Republic of Hawaii
The Republic of Hawaii was the formal name of the government that controlled Hawaii
Hawaii is the newest of the 50 U.S. states , and is the only U.S. state made up entirely of islands. It is the northernmost island group in Polynesia, occupying most of an archipelago in the central Pacific Ocean, southwest of the continental United States, southeast of Japan, and northeast of...

 from 1894 to 1898 when it was run as a republic
A republic is a form of government in which the people, or some significant portion of them, have supreme control over the government and where offices of state are elected or chosen by elected people. In modern times, a common simplified definition of a republic is a government where the head of...

. The republic period occurred between the administration of the Provisional Government of Hawaii
Provisional Government of Hawaii
The Provisional Government of Hawaii abbreviated "P.G." was proclaimed on January 17, 1893 by the 13 member Committee of Safety under the leadership of Sanford B. Dole...

 which ended on July 4, 1894 and the adoption of the Newlands Resolution
Newlands Resolution
The Newlands Resolution, was a joint resolution written by and named after United States Congressman Francis G. Newlands. It was an Act of Congress to annex the Republic of Hawaii and create the Territory of Hawaii....

 in the United States Congress
United States Congress
The United States Congress is the bicameral legislature of the federal government of the United States, consisting of the Senate and the House of Representatives. The Congress meets in the United States Capitol in Washington, D.C....

 in which the Republic was annexed to the United States and became the Territory of Hawaii
Territory of Hawaii
The Territory of Hawaii or Hawaii Territory was an organized incorporated territory of the United States that existed from July 7, 1898, until August 21, 1959, when its territory, with the exception of Johnston Atoll, was admitted to the Union as the fiftieth U.S. state, the State of Hawaii.The U.S...

 on July 7, 1898.

The Hawaiian kingdom was overthrown in 1893 as a result of the intervention of foreign business interests and the U.S. military. The Republic of Hawaii was led by men of European ancestry, like Sanford B. Dole
Sanford B. Dole
Sanford Ballard Dole was a lawyer and jurist in the Hawaiian Islands as a kingdom, protectorate, republic and territory...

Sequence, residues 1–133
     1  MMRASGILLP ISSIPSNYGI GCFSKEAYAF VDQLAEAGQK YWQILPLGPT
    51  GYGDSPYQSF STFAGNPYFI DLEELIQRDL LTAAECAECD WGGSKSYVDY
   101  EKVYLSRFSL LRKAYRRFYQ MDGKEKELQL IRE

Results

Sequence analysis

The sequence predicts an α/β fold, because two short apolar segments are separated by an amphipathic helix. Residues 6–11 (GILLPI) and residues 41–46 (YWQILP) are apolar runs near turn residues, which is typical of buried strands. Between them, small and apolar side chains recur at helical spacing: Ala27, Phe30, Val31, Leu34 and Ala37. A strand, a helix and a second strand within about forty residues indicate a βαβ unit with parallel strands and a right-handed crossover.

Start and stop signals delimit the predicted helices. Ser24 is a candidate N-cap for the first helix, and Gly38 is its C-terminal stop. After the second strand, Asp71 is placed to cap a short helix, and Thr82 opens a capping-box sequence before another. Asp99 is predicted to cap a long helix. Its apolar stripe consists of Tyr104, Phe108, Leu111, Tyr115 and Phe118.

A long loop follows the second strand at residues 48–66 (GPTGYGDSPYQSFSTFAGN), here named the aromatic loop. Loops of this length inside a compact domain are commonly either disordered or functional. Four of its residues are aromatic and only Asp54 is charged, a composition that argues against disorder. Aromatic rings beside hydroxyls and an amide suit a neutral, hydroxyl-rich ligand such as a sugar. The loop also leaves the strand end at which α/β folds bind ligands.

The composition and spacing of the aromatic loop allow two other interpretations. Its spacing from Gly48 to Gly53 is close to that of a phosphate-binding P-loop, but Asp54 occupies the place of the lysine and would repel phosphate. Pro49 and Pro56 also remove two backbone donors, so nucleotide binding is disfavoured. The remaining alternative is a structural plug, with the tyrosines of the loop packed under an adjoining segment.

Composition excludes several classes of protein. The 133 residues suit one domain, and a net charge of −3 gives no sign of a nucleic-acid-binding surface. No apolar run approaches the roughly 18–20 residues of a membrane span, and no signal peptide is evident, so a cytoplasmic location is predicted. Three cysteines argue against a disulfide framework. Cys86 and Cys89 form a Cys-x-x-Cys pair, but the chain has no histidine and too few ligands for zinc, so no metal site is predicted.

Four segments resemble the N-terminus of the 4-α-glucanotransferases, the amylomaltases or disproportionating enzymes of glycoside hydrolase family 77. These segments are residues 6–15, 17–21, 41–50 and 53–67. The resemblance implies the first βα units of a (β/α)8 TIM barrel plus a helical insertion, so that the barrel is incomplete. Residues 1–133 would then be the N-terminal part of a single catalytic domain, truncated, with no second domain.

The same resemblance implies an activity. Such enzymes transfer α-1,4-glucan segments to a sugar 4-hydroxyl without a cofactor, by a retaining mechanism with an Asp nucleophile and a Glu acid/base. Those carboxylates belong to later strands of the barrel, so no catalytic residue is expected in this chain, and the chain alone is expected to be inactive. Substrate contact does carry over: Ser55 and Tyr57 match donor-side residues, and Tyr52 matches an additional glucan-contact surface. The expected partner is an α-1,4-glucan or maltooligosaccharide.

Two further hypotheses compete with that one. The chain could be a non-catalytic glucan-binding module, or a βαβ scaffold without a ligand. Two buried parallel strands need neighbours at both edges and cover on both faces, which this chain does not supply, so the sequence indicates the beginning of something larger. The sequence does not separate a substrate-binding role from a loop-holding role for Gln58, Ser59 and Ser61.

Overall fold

and Lorrin A. Thurston
Lorrin A. Thurston
Lorrin Andrews Thurston was a lawyer, politician, and businessman born and raised in the Kingdom of Hawaii. The grandson of two of the first Christian missionaries to Hawaii, Thurston played a prominent role in the overthrow of the Hawaiian Kingdom that replaced Queen Liliuokalani with the...

, who were native-born subjects of the Hawaiian kingdom and speakers of the Hawaiian language
Hawaiian language
The Hawaiian language is a Polynesian language that takes its name from Hawaii, the largest island in the tropical North Pacific archipelago where it developed. Hawaiian, along with English, is an official language of the state of Hawaii...

, but had strong financial, political, and family ties to the United States. Dole was a former member of the Kingdom legislature from Koloa, Kauai, and Justice of the Kingdom's Supreme Court, and he appointed Thurston—who had served as Minister of Interior under King Kalākaua
Kalākaua, born David Laamea Kamanakapuu Mahinulani Nalaiaehuokalani Lumialani Kalākaua and sometimes called The Merrie Monarch , was the last reigning king of the Kingdom of Hawaii...

—to lead a lobbying effort in Washington, DC to secure Hawaiʻi's annexation by the United States
United States
The United States of America is a federal constitutional republic comprising fifty states and a federal district...


Blount Investigation

The first order of business for the Provisional Government after the successful overthrow of Liliuokalani was to form an interim government while Lorrin A. Thurston was in Washington, DC to negotiate annexation with Congress. One group proposed the assumption of power of Princess Kaiulani while a body formed by the Committee of Safety could act as a regency government. With the physical absence of the princess from the islands, the proposal was immediately struck down.

The Provisional Government was dealt a huge blow when United States President Benjamin Harrison
Benjamin Harrison
Benjamin Harrison was the 23rd President of the United States . Harrison, a grandson of President William Henry Harrison, was born in North Bend, Ohio, and moved to Indianapolis, Indiana at age 21, eventually becoming a prominent politician there...

, who was supportive of the annexation of Hawaii, was voted out of the White House
White House
The White House is the official residence and principal workplace of the president of the United States. Located at 1600 Pennsylvania Avenue NW in Washington, D.C., the house was designed by Irish-born James Hoban, and built between 1792 and 1800 of white-painted Aquia sandstone in the Neoclassical...

. Grover Cleveland
Grover Cleveland